Verify that the script has been installed correctly:

# chkconfig --list crucible

After this has been done you can manually start or stop the service by using these commands:

service crucible stop
service crucible start

And you’re done.

Using CAcert.org signed certificates for TLS

Setting up Transport Layer Security (TLS), or as previously known as Secure Sockets Layer (SSL), for Apache, Postfix and IMAP like Dovecot is fairly easy. You just need some digital certificates and configuration. If you don’t want to pay for certificates from trusted sources like Thawte or you just don’t need that kind of trust (for development purposes), you can always produce your own certificates. But there is also a middle way: using CAcert.org signed certificates.

Background
Wikipedia tells us that CAcert.org is a community-driven certificate authority that issues free public key certificates. CAcert automatically signs certificates for email addresses controlled by the requester and for domains for which certain addresses (such as “hostmaster@example.com”) are controlled by the requester. Thus it operates as a robot certificate authority. CAcert certificates can be used like any other SSL certificates although they are considered weak because CAcert does not emit any information in the certificates other than the domain name or email address. To create higher-trust certificates, users can participate in a web of trust system whereby users physically meet and verify each other’s identities. They are also not as useful in web browsers as certificates issued by commercial CAs such as VeriSign, because most installed web browsers do not distribute CAcert’s root certificate. Thus, for most web users, a certificate signed by CAcert behaves like a self-signed certificate.

Generating Certificates
The procedure to sign your certificate at CAcert is rather simple. This guide assumes that the certificates are in /etc/ssl/cacert/ and you are as root.

0. Join CAcert.org and fill in your details. After email verification and login, add domain and service will try to verify that you can read mail on one of following accounts: root, hostmaster, postmaster, admin, webmaster or email addresses that can be found on whois data of domain that you provided.

1. Generate a private key that is not file encrypted:

openssl genrsa -out domainname.key 1024
chown root:root domainname.key
chmod 0400 domainname.key

Private keys should belong to “root” and be readable only by root.

You could also create a private key that is encrypted: openssl genrsa -des3 -out domainname.key 1024

2. Create a CSR with the RSA private key (output will be PEM format). Do not enter extra attributes at the prompt and leave the challenge password blank (press enter):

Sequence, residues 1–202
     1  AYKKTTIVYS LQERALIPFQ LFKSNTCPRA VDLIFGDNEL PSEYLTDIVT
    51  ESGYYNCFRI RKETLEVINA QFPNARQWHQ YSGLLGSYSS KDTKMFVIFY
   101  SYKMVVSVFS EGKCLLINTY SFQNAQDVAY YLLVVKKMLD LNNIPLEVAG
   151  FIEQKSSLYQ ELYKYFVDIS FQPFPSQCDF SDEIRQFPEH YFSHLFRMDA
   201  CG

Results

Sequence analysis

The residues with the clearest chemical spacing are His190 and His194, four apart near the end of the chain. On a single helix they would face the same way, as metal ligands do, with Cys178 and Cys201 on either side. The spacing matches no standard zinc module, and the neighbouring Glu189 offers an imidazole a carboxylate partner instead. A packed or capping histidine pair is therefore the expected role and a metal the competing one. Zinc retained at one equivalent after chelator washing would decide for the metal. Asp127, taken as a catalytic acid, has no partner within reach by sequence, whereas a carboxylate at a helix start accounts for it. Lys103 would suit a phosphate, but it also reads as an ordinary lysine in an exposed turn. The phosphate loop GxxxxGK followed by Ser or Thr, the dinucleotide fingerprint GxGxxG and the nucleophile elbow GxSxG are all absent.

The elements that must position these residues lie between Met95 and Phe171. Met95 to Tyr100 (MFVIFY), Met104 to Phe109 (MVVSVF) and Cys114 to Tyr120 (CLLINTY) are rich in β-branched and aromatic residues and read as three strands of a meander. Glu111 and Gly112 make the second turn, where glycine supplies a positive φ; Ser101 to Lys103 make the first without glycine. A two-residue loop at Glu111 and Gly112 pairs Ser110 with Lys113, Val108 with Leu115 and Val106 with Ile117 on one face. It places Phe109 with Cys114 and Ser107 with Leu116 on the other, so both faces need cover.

openssl req -new -key domainname.key -out domainname.csr

3. Verify the contents of the CSR or private key:

openssl req -noout -text -in domainname.csr
openssl rsa -noout -text -in domainname.key

4. Send your public key to be signed by and request new server certificate from CAcert.org web site (Class 1 certificate). When you are asked for CSR paste content of domainname.csr. It should look like this:

-----BEGIN CERTIFICATE REQUEST-----
MIIB3TCCAUYCAQAwgZwxCzAJBgNVBAYTAkZJMRAwDgYDVQQIEwdVdXNpbWFhMQ8w
...clip...
MQ==
-----END CERTIFICATE REQUEST-----

You can verify the content of request before sending it

openssl req -in domainname.csr -text -verify -noout

5. Copy the Server Certificate from the CAcert.org webpage and put it in domainname.crt file and add permissions.

chmod a=r domainname.crt

Check at least the contents of Validity and Subject fields:

openssl x509 -in domainname.crt -text -noout

6. Get CAcert.org root certificate

wget -nv https://www.cacert.org/certs/root.crt -O cacert-org.crt
chmod a=r cacert-org.crt

Check the contents:

openssl x509 -in cacert-org.crt -text -noout

After that you’re ready to configure your services like Apache, Postfix and Dovecot to use the new certificate. Read about it later.

WordPress mod_rewrite rules taking over mod_status and mod_info

After moving Rule of Tech to a new server and setting up monitoring I noticed that server-status and server-info Apache modules weren’t working as expected. As usual a little bit of Googling solved this problem.

The problem was that the .htaccess rules in WordPress were taking over non-existing server-info and server-status urls given in Apache’s config and were returning a page not found error. The rewrite rules by WordPress were setup to handle all the permalinks on the site and for any non-existing file send it to index.php. It really wasn’t a WordPress problem and should happen with any application that uses the same type of catch-all rewrite rules to handle all the urls inside the application.

The solution was to specifically add a rewrite rule to not have the server-status and server-info urls processed by adding a rule like: RewriteCond %{REQUEST_URI} !=/server-status. The other way is to stop the rewriting process when the urls are found by adding a rule like: RewriteRule ^(server-info|server-status) - [L].

The WordPress rewrite rules should look like this:

# BEGIN WordPress
<IfModule mod_rewrite.c>
RewriteEngine On
RewriteBase /
# server info and status
RewriteRule ^(server-info|server-status) - [L]
# RewriteCond %{REQUEST_URI} !=/server-status
# /server info and status
RewriteCond %{REQUEST_FILENAME} -f 
RewriteCond %{REQUEST_FILENAME} -d
RewriteRule . index.php [L]
</IfModule>
# END WordPress

Installing Sun JDK 1.6 on CentOS

CentOS doesn’t have a package for Sun JDK so it has to installed manually. It’s fairly easy but there are some steps to do that. This guide has been tested on CentOS 5.4 x64_86.

Step 1. Initial setup for building RPM
-!- Do this with a non-root user

  1. Create ~/.rpmmacros
    • $ vim ~/.rpmmacros
      %_topdir /home//rpmbuild
      %_tmppath %{_topdir}/tmp
      
  2. Create needed folders:
    • $ mkdir -p ~/rpmbuild/{SOURCES,SRPMS,SPECS,RPMS,tmp,BUILD}
      
  3. Build environment needs to be complete. Some needed packages are:
    • $ sudo yum install -y rpm-build gcc gcc-c++ redhat-rpm-config
      

Step 2. Installing your favorite JDK

  1. Download Sun JDK 1.6 update 14 from Sun Java download or the Sun JDK archive.
    • Choose the correct platform (for me it’s Linux x64) and download jdk-6u18-linux-x64-rpm.bin
  2. Give it executable rights: $ chmod 755 jdk-6u18-linux-x64-rpm.bin
  3. Run the binary to extract it into RPM form: $ ./jdk-6u18-linux-x64-rpm.bin
  4. Install it:
    • $ sudo rpm -Uvh jdk-6u18-linux-amd64.rpm
      
  5. Log out and in again to make the changes in the paths take effect
  6. Check the install
    • $ java -version
      java version "1.6.0_18"
      Java(TM) SE Runtime Environment (build 1.6.0_18-b07)
      Java HotSpot(TM) 64-Bit Server VM (build 16.0-b13, mixed mode)
      
  7. Java is now installed on /usr/bin/java